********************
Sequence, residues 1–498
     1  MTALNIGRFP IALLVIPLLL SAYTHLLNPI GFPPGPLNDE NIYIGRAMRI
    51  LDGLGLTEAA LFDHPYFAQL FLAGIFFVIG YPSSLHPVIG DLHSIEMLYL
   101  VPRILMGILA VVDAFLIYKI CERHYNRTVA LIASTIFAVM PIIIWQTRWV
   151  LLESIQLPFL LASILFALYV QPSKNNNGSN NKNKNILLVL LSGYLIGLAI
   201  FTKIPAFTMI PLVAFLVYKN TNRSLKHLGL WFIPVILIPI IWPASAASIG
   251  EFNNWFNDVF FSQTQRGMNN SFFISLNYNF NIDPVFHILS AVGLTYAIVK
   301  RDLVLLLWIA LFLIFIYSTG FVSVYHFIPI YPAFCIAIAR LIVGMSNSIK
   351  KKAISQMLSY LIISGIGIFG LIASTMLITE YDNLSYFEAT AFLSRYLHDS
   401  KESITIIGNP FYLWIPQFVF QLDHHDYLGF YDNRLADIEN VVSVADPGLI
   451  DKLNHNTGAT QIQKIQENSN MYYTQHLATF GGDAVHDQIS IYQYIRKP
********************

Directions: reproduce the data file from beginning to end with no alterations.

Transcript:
Sequence, residues 1–498
     1  MTALNIGRFP IALLVIPLLL SAYTHLLNPI GFPPGPLNDE NIYIGRAMRI
    51  LDGLGLTEAA LFDHPYFAQL FLAGIFFVIG YPSSLHPVIG DLHSIEMLYL
   101  VPRILMGILA VVDAFLIYKI CERHYNRTVA LIASTIFAVM PIIIWQTRWV
   151  LLESIQLPFL LASILFALYV QPSKNNNGSN NKNKNILLVL LSGYLIGLAI
   201  FTKIPAFTMI PLVAFLVYKN TNRSLKHLGL WFIPVILIPI IWPASAASIG
   251  EFNNWFNDVF FSQTQRGMNN SFFISLNYNF NIDPVFHILS AVGLTYAIVK
   301  RDLVLLLWIA LFLIFIYSTG FVSVYHFIPI YPAFCIAIAR LIVGMSNSIK
   351  KKAISQMLSY LIISGIGIFG LIASTMLITE YDNLSYFEAT AFLSRYLHDS
   401  KESITIIGNP FYLWIPQFVF QLDHHDYLGF YDNRLADIEN VVSVADPGLI
   451  DKLNHNTGAT QIQKIQENSN MYYTQHLATF GGDAVHDQIS IYQYIRKP